I talk honestly and openly about my experiences with mental illness, fibromyalgia, and chronic fatigue syndrome through the lens of feminism, fat acceptance and process theology. I also do recipe and book reviews. My mission is to spread the message that hope is always real for a better life, despite living in a world that is often very harsh.

Sunday, May 25, 2014

Fat and Flabulous

I made the mistake of inadvertently taking somebody's space at a grocery store parking lot and I ended up being saddled with the burden of being a fat person.  I don't usually take people's spaces, but the woman waiting was taking her sweet time and I wasn't sure if she was really wanting that space or not and I was in a hurry.  I was anxious about getting to where I was going on time and I was a bit confused-in short, I was human.  The woman who was upset did not pause to consider that perhaps I had other things on my mind and yelled out at me,
AT LEAST I'M NOT FAT!!!
I was shocked into silence by her meanness and so I did not apologize for taking her space. I thought to myself, "at least I don't say ugly things to people!"  I am also glad to report that at first I was a little confused, as in,
DON'T YOU KNOW I'M FLABULOUS?
I am beautiful, although I am more culturally accepted as beautiful sometimes than at others, smart, kind, creative, and I really do try to make the world a better place than it already is-if my worst quality is that I am fat, than I really do think that I am doing pretty well! The best thing I can say about the encounter is that I cannot imagine myself verbally attacking another person like that because they took my space. I might be annoyed or bothered, but I would take a few deep breaths, tell myself it's not a huge deal in the grand scheme of the world and find another space. I feel that this woman must have been feeling very miserable to have lost her temper so quickly and to take it out on another in such a mean way. What makes me sad is that I intuit that she must have a very bad relationship with her own body-being thin does not automatically mean that one has high self esteem or think they are beautiful and for one to think that the worst in myself is that I am fat makes me think that she must be obsessed with her own weight. I know from experience that weight obsession is a miserable place to be and it truly does poison the mind.  Thinking that one cannot be happy or deserving or lovable or truly acceptable unless one is thin is simply NOT TRUE!!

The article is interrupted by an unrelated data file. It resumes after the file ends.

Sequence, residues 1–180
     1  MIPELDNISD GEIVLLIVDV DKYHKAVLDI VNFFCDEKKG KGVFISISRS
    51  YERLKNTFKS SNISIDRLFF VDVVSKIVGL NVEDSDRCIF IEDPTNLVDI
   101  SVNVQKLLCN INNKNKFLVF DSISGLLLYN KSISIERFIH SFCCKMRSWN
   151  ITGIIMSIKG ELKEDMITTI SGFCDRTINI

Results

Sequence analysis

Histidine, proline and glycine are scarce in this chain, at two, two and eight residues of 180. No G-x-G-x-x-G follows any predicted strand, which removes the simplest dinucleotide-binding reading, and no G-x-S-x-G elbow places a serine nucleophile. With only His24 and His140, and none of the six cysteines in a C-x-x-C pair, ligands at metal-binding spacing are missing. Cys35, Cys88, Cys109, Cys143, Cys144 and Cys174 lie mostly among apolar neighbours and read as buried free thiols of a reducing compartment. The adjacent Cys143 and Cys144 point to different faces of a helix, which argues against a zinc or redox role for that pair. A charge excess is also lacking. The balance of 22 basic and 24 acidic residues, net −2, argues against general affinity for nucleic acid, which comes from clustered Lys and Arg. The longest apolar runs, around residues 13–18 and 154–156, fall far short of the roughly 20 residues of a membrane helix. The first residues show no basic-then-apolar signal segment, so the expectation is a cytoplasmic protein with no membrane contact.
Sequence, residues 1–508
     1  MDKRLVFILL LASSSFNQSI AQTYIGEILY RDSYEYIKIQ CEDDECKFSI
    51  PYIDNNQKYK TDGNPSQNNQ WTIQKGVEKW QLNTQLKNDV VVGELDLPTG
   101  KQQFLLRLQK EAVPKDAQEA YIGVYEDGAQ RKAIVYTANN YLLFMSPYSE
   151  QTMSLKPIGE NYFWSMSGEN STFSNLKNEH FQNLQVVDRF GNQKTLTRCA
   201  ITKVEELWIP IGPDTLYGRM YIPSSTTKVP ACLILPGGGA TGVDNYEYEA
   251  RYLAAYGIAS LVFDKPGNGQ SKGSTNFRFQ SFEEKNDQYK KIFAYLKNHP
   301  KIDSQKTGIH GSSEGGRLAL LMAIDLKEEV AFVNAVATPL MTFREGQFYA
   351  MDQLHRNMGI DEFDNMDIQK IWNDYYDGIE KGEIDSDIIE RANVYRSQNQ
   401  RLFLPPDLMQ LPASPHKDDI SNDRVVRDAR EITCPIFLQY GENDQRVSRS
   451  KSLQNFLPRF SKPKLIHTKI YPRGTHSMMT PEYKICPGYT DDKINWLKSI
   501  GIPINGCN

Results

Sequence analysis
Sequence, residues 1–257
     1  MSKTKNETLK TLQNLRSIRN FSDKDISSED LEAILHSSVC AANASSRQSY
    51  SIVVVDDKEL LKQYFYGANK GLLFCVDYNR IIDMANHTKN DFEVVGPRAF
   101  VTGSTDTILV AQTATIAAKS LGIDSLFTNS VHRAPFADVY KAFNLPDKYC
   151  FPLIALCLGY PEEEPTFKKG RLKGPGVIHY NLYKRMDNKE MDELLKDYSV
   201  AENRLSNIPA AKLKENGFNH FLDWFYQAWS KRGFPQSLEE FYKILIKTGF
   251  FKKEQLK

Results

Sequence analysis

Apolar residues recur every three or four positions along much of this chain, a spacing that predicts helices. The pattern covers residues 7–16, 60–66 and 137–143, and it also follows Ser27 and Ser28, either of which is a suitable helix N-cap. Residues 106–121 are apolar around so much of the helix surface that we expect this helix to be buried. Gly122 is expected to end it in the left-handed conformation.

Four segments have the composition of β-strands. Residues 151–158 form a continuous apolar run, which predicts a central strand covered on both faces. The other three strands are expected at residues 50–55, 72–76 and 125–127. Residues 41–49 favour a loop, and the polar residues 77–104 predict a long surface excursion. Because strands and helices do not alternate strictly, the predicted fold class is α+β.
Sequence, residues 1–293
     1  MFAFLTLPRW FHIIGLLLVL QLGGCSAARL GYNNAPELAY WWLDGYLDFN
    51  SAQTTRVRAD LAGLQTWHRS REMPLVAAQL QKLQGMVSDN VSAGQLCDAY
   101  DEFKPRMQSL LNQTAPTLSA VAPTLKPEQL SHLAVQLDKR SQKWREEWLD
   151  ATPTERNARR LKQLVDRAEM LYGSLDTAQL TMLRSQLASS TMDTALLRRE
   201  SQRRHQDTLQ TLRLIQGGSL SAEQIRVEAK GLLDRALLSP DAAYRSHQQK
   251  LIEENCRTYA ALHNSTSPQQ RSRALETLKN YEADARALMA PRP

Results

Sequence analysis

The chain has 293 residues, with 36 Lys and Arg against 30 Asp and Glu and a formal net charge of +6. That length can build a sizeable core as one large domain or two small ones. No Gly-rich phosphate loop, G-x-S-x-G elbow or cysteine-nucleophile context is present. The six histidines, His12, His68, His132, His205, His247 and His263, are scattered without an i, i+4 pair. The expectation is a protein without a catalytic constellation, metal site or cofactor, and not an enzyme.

I am acceptable the way that I am!

 In fact, I am not merely acceptable, but all-around fabulous!

 Here are some pictures of me right before the rehearsal dinner at my cousin's wedding party last weekend. I think I look flabulous!

Link Love:

This Aint Livin - Why Are Women Who Have Cats Such Figures of Mockery?

I can’t help but draw a parallel here: people view a more independent species as less valuable, less trustworthy, and many of those same people are also the ones who dislike independent women who assert their own autonomy in the world. Obviously, women are not equivalent to cats, but it’s notable that in both cases, women and cats are disliked for exercising free will, and are often severely punished for it. Perhaps it’s not surprising, then, that the combination of women and cats is considered so threatening, and that the way people choose to deal with it is by mocking women.



Many people seem to believe that sexuality is a natural and necessary part of the human condition (ignoring the fact that asexual people are human beings, and their lack of sexual attraction doesn’t render them inhuman) — which leads me to suspect that part of the hate and fear of disabled sexuality is the general desire to dehumanise disabled people. If we can be rendered sexless, neutered, inert, and nonthreatening, it can be made clear that here lies yet another difference between ‘us’ and ‘them,’ another reminder that we are not quite fully human. For how, after all, could you live without enjoying The Sex?

Captain Awkward #573, #574, #575 and #576: Applying the Sheelzebub Principle

Whoever injected our collective brain with the idea that love is something we earn by making ourselves want only smaller, appropriate, manageable things needs to come here and fight me, with fists.


In my activism I work to destroy the social construct of beauty-as-power by suggesting that everyone is beautiful and the difference is in our choice of whether or not to recognize that.  Regardless beauty is something that we get to claim and own for ourselves if we want to.  I get that not everyone believes that or thinks about it that way and I think that’s totally cool as well. 



No comments:

Post a Comment